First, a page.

'I think it's important that when we add expansion areas for housing, that they meet regional goals for addressing climate change, transit-oriented development, and 20-minute walkable neighborhoods,' says Adams.
Drake agrees with Ogden that the requirement would prove unworkable in many cities and limit housing choices, however.
'Twenty units per acre is twice the density of Beaverton. I agree it's appropriate in some specific areas, but not everywhere,' says Drake.
The Metro Council ultimately ignored the recommendation. It expanded the urban growth boundary to include 1,985 more acres without imposing a minimum number of housing units on new residential development.
Hughes believes that Ogden is partly upset that Metro did not approve Tualatin's request to add 117 acres to the growth boundary for large-lot industrial development near Southwest Morgan Road and Tonquin Road. Hughes notes that he was on the losing side of urban growth boundary-related votes when he served on MPAC.
Taking up time
Metro is the only elected regional government in the country. Its boundaries include the urbanized portions of Multnomah, Clackamas and Washington counties. It is governed by six-member council elected by districts and a council president elected by the entire region.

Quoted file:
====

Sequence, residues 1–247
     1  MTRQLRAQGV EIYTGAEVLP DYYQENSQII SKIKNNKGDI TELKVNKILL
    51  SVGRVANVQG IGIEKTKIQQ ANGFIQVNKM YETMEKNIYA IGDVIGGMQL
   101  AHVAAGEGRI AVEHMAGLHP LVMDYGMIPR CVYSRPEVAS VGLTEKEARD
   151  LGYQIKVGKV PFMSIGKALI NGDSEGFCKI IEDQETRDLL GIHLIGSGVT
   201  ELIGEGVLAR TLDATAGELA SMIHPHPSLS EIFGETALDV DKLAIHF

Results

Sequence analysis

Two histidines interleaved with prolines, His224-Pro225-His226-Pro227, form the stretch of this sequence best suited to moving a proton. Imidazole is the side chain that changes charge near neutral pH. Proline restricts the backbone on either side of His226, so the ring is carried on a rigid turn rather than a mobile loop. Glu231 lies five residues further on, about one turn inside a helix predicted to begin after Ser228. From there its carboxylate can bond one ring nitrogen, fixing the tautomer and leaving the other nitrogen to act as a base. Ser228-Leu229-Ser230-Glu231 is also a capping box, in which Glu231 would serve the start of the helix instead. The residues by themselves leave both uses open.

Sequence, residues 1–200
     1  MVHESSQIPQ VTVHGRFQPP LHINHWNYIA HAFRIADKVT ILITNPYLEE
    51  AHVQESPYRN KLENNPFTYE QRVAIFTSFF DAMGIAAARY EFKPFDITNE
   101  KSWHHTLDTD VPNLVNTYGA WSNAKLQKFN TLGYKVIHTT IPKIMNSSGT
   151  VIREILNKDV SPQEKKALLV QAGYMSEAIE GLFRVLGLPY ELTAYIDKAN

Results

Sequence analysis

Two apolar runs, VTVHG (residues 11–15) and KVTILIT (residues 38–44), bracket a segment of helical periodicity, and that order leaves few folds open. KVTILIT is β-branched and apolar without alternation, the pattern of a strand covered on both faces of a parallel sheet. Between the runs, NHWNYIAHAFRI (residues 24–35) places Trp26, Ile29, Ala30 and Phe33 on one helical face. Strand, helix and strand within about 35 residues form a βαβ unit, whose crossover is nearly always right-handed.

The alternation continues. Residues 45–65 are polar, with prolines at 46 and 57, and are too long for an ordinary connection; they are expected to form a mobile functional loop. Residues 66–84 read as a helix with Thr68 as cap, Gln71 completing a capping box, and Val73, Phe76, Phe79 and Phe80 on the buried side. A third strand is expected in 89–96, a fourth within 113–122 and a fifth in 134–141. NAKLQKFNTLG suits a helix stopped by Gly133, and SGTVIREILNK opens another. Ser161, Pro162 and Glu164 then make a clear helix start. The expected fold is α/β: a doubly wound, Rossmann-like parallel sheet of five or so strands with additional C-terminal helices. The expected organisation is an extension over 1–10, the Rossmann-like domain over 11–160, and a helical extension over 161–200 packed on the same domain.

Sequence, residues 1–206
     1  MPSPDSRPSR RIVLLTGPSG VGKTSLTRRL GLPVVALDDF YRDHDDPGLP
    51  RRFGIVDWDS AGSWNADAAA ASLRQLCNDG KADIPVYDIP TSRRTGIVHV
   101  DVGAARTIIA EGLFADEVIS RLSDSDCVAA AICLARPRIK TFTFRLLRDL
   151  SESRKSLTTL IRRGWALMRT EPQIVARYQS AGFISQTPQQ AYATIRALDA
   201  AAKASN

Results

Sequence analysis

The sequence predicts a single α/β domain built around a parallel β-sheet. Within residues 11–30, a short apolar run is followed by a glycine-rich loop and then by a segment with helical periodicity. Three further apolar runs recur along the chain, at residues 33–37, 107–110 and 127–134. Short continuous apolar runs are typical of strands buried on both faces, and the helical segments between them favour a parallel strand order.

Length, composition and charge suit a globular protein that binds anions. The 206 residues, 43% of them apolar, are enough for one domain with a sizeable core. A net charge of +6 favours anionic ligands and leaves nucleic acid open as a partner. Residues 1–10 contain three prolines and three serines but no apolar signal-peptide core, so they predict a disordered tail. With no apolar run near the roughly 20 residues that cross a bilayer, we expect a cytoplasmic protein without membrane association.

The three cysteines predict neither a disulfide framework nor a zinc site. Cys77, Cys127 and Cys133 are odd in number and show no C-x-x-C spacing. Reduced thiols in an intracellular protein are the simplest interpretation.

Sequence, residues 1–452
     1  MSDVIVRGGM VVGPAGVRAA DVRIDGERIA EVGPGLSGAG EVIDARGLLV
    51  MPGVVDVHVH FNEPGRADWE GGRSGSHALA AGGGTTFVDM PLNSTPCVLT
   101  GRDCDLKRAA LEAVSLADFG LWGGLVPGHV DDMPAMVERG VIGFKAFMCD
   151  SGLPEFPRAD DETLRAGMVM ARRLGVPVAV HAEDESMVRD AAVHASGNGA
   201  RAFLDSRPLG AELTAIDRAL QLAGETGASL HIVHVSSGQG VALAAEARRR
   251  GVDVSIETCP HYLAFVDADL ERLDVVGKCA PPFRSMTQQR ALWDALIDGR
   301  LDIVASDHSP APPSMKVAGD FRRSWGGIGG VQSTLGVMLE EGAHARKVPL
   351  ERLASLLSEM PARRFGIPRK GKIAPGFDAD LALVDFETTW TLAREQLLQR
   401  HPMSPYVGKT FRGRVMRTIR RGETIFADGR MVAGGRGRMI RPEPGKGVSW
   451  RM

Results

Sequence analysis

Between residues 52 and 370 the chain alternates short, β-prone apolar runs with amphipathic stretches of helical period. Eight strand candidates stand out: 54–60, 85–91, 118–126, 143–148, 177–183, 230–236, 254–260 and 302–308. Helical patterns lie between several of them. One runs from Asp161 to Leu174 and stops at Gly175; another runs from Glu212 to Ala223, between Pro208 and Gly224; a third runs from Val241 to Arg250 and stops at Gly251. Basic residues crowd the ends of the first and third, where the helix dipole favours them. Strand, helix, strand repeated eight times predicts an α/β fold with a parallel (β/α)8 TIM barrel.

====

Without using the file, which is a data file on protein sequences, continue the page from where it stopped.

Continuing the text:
Part of the tension stems from the difference between full-time and part-time elected city officials. The members of the Portland City Council and the mayor of Beaverton work full-time. They can attend numerous meetings, like MPAC, without sacrificing their personal incomes. On the other hand, all other elected city officials within Metro's boundaries serve part time. As a result, most have full-time jobs and have trouble fitting many meetings into their schedules.
To help accommodate this, the mayors who serve on MPAC are supposed to consult with other mayors before each meeting. But Adams' memo was only sent out a few days before the Sept. 28 meeting and most mayors did not see it, including some of the mayors on MPAC who were surprised when the recommendation came up.
Hughes agrees with Ogden that the incident raises questions about MPAC's effectiveness.
'The meetings only last a couple hours, and a lot of the time is taken up with staff reports,' Hughes says. 'I can understand why some mayors might think they're not worth attending.'